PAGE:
Wire wrap jewelry is probably the oldest of jewelry techniques. Archeologists have found wire wrapped artifacts dated as far back as 2000 B.C. and the technique is probably a great deal older than that. Many ancient cultures employed wire wrap techniques including the Celts, Phoenicians, Greeks and Egyptians and many of the methods they employed are still used by modern artisans.
You might wonder why this technique goes back so far in history. Well one reason is that the making of wire was one of the very earliest of achievements in ancient metallurgy. Soft metals like copper, silver and gold can easily be drawn into wire even with primitive equipment, and in fact many modern wire artisans still do this by hand to get the precise dimensions and hardness that they need for a particular piece. Another reason is that there is no need for complicated casts or soldering to set stones or beads and almost any shape of rough or faceted material can be wrapped with no special tools. Additionally the level of complexity can be just as simple or as detailed as the artisan chooses including weaving in multiple elements of widely differing media. Ancient and modern artisans alike have used wire wrap techniques to incorporate bone, wood, fabric, ceramics and just about any material you can imagine into amazing wearable art.
You can see that due to the wide variety of possible materials, defining what wire wrapped jewelry is can be a daunting task. For those looking to purchase truly artisan made products it might be easier to say what it is not. From a purist standpoint any technique that uses solder or glue to hold the media to the setting is not truly wire wrapped. This precludes the artisan from using a pre- fabricated wire setting and simply adding the stone or other media later. A key feature of wire wrapped jewelry is that each piece must be unique and not be mass produced in any way. This leads us to another point. Manufactured castings should not be a major feature of the piece. I’m seeing a great many pieces on the market that use inexpensive castings that closely mimic the way that wire wrap looks but are mass manufactured. It is only a matter of a few seconds work to take one of these castings, add a stone or bead to it and call it done instead of the hours (or indeed days) that a true artisan would take to create a one of a kind piece.
Another issue I see is those who really aren’t familiar with wire wrapped jewelry calling any technique using wire, “wire wrapped”. I’ve even seen this in commercial books and dvd’s authored for crafters and DIY’ers learning jewelry skills. Often multiple beads and findings are combined into lovely bracelets, necklaces and earrings using wire. These can be really remarkable works in their own right and very beautiful, but, at least in my mind, if the wire is not a primary design element and is used only to connect the beads, then the piece cannot be properly called “wire wrapped.”
So what should an informed buyer be looking for when purchasing artisan made wire wrapped jewelry? There are many techniques, far too many to list here, but most wire wrapped jewelry you’ll find on the market today has some things in common. Firstly the bezel artisan peintre 95 or primary setting of the piece will not be a single solid piece of metal (this would probably indicate that it’s a casting, not wire) it will instead be a multi stranded bundle of wire either bound together with other wire at key junctures, or in the case of Viking weave techniques it might be a more or less continuous coil of wire. These are generally called binding wires. Next the bail (where the pendant or earrings are suspended from their chain or ear wires) is usually formed from the same wires as the bezel- not a separate piece. If the stone is a “cabochon” and not a bead, it will be held in place on the back and the front of the stone with wires bent in from the side of the bezel. You might also see prongs holding in the stone but if it’s truly wire wrapped the prongs will be formed out of bent wire added on to the bezel and not soldered on.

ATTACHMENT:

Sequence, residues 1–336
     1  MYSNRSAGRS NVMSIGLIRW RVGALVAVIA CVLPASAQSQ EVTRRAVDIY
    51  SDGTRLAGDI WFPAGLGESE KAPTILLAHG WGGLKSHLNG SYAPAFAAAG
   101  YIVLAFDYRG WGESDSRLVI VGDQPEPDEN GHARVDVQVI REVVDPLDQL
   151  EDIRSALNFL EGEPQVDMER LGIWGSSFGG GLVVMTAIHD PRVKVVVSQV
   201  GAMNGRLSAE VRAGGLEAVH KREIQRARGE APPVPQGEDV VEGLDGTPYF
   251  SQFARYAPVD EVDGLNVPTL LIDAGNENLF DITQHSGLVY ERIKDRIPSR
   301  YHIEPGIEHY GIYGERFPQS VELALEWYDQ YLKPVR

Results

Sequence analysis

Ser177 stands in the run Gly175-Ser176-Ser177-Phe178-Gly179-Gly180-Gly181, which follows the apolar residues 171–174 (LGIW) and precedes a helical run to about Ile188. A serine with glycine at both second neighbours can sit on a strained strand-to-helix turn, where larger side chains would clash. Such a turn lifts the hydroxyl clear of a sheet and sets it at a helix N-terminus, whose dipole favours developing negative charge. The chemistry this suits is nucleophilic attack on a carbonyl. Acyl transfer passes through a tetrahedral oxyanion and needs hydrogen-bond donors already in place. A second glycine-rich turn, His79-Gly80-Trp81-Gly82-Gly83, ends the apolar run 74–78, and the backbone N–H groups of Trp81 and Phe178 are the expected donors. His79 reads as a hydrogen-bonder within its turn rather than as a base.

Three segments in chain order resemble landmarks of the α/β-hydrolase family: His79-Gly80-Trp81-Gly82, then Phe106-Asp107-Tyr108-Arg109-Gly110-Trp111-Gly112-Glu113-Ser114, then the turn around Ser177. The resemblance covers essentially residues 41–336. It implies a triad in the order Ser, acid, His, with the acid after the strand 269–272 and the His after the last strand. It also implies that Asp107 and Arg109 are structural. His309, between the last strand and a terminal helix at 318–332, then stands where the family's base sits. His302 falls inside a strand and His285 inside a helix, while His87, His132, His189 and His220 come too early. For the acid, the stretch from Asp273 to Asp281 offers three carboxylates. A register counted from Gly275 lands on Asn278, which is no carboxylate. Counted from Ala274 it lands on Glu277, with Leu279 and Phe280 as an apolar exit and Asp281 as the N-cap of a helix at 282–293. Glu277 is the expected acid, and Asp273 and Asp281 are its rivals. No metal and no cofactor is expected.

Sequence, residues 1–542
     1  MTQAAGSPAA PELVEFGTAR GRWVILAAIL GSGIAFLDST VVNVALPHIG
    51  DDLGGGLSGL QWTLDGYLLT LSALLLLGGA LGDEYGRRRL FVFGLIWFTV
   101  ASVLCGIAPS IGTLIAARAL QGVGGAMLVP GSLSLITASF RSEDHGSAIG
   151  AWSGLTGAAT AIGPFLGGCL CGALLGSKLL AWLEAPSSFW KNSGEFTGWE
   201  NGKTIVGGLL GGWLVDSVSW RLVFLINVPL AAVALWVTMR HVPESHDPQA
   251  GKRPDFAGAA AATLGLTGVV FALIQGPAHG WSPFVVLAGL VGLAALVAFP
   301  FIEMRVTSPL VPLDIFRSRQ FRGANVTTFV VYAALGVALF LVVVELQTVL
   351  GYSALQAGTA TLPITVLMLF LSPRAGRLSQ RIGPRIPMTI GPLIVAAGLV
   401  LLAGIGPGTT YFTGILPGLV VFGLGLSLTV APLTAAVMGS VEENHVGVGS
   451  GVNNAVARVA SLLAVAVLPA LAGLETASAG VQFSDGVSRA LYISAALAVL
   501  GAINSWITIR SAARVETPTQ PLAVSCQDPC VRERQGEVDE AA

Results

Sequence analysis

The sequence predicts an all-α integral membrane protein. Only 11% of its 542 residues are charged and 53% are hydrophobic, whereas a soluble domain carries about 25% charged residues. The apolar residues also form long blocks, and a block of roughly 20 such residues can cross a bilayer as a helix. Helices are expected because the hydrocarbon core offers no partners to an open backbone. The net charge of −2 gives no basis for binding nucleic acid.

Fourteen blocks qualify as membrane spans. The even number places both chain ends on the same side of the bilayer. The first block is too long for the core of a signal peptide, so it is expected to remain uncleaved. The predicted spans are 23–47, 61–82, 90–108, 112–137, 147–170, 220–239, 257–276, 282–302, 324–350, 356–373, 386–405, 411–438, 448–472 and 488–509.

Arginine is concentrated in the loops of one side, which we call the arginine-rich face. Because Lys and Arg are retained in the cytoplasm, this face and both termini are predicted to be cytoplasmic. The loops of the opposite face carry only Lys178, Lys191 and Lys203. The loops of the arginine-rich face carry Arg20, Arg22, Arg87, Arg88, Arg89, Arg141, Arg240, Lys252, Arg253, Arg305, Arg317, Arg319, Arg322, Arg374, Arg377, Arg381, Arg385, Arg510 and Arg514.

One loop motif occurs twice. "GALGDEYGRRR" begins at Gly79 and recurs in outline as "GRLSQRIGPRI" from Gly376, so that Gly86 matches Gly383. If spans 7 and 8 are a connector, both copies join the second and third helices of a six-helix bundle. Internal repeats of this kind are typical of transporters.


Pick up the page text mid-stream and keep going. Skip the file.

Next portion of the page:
As you can see from the discussion above there are features intrinsic to how wire wrapped jewelry is made that make it a good choice for those looking for jewelry or wearable art that is completely different from any other form. Firstly, the methods used to create it dictate that each piece must be distinct. Most other forms of jewelry rely on castings or molds that allow mass reproductions of the same design. If you buy jewelry from a box store (or even Tiffany’s) you can be assured that there are hundreds if not thousands of people with exactly the same piece! Secondly because the artisan is not restricted to a casting of a particular size or shape they are free to set stones or other objects of nearly any shape or dimension. This feature also makes accessible to the artisan a whole host of lapidary materials that you will never find in a box store especially since the artisan is not restricted to exclusively using small. expensive, faceted gems. Slabs of sliced mineral, precious and semi- precious gem cabochons and even raw stone nuggets in the artisans hands can show their own unique beauty and make incredibly stunning finished pieces. Lastly wire wrapped jewelry is not only beautiful and unique it is extremely durable. Well made wire wrapped jewelry uses the fluidity of the wire to it’s upmost to securely embrace the focus piece in multiple dimensions. Wire wrapped jewelry doesn’t rely on just flimsy soldered on prongs to hold the stones and even if the piece were to be dropped or otherwise banged around as long as the stone remains intact the wire can generally be gently reshaped into place.